The inscription is in two lines, as shown:
there are single rims above, below, and between
these lines. The lower line has smaller
lettering. The lettering is very rude and
irregular, the n's and the s are reversed, and
all the letters, figures, and ornaments appear
to have been made by marking the mould
with a sharp instrument instead of by the use
of stamps. The initials are those of George
Hog, who cast several bells during the earlier
part of the 17th century, including one at
Keith Marischal, Haddingtonshire. The
hammer and crown are the insignia of the
Incorporation of Hammermen of Edinburgh,
and "APUD POTERRAW" in the inscription
evidently refers to the street of that name.
BRASS ALMS DISH. - In the manse is pre-
served a brass alms dish 13 inches in diameter,
bearing in the centre, in repoussée work, a
representation of the Annunciation. it is
German work, of probably the 15th century.
beneath the tower of the modern church, is
the basin of the font of the old church of
Dalgarnock. It is a plain octagonal basin,
with a drain in the bottom, 2 feet 3 inches in
diameter over all. 1 foot 9 inches in diameter
across the actual basin, 1 foot 3 inches in
depth outside and 8 inches inside. The name
"Dalgarno" has been cut on the edge in
modern lettering.
CROSS-SHAFT, ETC. - Beside the font lies a
fragment of a cross-shaft, with two vertical
panels of interlaced work formed from a
four-cord plait,
A fine beak-head, evidently from the cornice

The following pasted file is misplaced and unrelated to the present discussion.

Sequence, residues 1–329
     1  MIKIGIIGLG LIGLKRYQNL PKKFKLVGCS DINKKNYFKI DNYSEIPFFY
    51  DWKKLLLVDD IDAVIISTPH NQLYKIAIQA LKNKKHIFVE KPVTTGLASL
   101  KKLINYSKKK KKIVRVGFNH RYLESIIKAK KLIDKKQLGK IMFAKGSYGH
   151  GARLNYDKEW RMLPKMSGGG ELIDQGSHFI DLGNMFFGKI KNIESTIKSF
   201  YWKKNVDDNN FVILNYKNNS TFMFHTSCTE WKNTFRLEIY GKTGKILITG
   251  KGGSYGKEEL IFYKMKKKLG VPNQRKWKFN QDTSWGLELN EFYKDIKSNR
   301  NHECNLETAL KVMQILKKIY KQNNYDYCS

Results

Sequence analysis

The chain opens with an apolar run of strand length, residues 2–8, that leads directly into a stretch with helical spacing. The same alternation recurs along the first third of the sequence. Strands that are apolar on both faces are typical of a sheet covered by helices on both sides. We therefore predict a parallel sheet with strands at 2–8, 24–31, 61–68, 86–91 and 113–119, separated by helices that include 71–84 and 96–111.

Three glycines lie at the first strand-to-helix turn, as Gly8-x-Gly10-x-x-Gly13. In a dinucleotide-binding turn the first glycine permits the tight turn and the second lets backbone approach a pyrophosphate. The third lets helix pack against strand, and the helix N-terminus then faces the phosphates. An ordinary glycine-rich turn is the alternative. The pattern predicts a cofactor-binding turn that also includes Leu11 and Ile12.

of a church of the later Norman period, is also
preserved here.
xxxi. -- S.E. -- 24 May and 12 June 1912.


59. Closeburn Castle. - This tower (fig. 4
of Introduction), dating from the end of the
14th century, stands in what is now one of
the fertile and wooded parks of Nithsdale,
some 12 miles by road north-north-west of
Dumfries. The site has been originally a
peninsula at the south-east end of what once
was Closeburn loch, and the approach to the
castle from the east or landward side has
been defended by a wide moat cut across
the neck of the peninsula, which would in

this way be converted into an island, as it
is shown in Grose's Antiquities of Scotland
even as late as 1789. On plan (fig. 30) the
tower is of the simple rectangular type,
measuring, on the ground floor, some 27 feet
6 inches by 15 feet 6 inches within walls
nearly 10 feet in thickness. The total height
from the ground to the level of the parapet
measures some 50 feet. The building com-
prises four storeys and an attic, the two lower

[Plan Inserted]
FIG. 30. - Closeburn Castle (No. 59).

storeys, including the basement, and the attic
being vaulted. A doorway in the west wall
gives access to the basement, which is now
subdivided into three dark cellars. No
windows appear to have been formed in its
massive walls, probably with a view to greater
security, nor has there been any internal com-
munication with the upper floors.
The main entrance is situated at the north
end of the west wall at the first-floor level,
some 10 feet from the ground; access to the
tower would be gained originally by a move-
able ladder, which has been replaced in later
times by the present forestair of stone. The
doorway measures 4 feet 6 inches in width,
has splayed outer jambs and a semicircular
arch-head, and is still secured by an excep-
tionally well-preserved iron "yett." There
is also a bar-hole in the south jamb, some
6 feet in depth. Originally the first floor
would serve as the hall, measuring about
30 by 18 feet within walls averaging 8 feet
in thickness; but it has been subsequently
divided by a central partition some 3 feet in
thickness, which contains two fireplaces. The
windows have been enlarged to suit modern
requirements. A wheel-stair in the north wall
adjoining the entrance gives access to the
upper floors and to the parapet walk. the

-- 31

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